Second – a related point – you really can’t just connect your camera, download the images and post them. Shooting in raw does mean spending at least a bit of time working on images. But the batch editing tools and the ability to save your favourite adjustments as a custom setting mean you’ll get quicker over time.

But with a little bit of practice (and I promise you I am still a TOTAL beginner of this stuff) there’s no better way to rescue a photo that you didn’t quite capture the way you imagined. Rather than using raw because I’m a fancy photographer, then, I use raw because sometimes I go somewhere, completely FAIL to get the image I need, and there’s no opportunity to go back and re-do. That’s where raw really comes into its own.

Take this weekend as an example – we reviewed a cottage in Northumberland. The weather was SHOCKING. That meant it was dark and gloomy indoors, the skies were washed out and grey, and getting decent photos was hard work. Looking at the images on my computer, I realise some of the crucial shots – of the cottage’s interior – were completely off. The white balance was wrong, the exposure was off, the colours washed out… and what can I do? I can’t take the photos again…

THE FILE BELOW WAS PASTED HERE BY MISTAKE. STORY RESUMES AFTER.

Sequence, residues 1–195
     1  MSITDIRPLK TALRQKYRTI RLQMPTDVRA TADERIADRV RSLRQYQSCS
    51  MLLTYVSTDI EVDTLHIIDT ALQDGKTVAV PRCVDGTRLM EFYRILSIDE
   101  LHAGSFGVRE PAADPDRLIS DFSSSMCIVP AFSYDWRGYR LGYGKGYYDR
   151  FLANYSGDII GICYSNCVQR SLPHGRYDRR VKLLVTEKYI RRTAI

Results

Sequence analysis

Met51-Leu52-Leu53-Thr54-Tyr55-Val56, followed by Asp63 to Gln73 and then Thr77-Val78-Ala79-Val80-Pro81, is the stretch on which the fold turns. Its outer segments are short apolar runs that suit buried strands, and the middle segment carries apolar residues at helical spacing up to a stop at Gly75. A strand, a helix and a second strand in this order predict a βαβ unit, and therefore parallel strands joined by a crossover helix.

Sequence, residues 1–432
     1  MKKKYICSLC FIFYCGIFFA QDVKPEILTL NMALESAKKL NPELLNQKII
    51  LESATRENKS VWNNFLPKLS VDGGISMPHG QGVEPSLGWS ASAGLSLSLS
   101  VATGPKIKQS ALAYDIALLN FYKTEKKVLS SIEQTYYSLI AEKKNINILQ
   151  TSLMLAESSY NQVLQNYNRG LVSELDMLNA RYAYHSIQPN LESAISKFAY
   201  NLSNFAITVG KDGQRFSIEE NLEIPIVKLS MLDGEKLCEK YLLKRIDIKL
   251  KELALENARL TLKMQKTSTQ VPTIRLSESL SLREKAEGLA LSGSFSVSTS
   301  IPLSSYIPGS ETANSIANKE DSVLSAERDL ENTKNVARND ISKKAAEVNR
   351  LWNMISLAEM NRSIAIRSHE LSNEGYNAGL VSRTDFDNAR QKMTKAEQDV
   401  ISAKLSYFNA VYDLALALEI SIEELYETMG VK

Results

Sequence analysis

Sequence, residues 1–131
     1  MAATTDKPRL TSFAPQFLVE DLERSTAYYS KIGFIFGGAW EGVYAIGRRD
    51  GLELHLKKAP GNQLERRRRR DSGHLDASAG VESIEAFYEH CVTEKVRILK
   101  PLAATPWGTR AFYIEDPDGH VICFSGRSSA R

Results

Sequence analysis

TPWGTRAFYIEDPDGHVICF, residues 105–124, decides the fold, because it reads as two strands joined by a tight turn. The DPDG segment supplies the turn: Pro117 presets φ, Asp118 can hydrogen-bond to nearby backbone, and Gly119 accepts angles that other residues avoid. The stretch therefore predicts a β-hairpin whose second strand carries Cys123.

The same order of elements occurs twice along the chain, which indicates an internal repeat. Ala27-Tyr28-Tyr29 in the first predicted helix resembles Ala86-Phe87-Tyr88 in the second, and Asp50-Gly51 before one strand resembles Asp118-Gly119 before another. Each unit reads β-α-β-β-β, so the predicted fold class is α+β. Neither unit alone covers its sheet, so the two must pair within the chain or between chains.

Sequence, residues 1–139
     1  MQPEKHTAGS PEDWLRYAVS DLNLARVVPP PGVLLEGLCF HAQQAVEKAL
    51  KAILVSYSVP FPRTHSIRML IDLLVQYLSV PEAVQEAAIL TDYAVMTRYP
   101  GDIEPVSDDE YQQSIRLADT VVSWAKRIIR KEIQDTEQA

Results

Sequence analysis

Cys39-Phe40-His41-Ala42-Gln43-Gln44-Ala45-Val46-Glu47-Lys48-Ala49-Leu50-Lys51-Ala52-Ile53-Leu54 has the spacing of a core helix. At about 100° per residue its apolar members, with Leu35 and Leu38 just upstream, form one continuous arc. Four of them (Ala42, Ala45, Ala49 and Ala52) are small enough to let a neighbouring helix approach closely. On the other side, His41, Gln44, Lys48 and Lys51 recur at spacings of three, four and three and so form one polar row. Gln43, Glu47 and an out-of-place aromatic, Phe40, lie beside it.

Having raw files gives you the opportunity to fix those mistakes – adjusting white balance to take account for cloud cover, or artificial light; boosting one colour in an image, knocking back highlights to recover some detail in a washed out background…

Here’s an example of what I mean:

lightroom raw image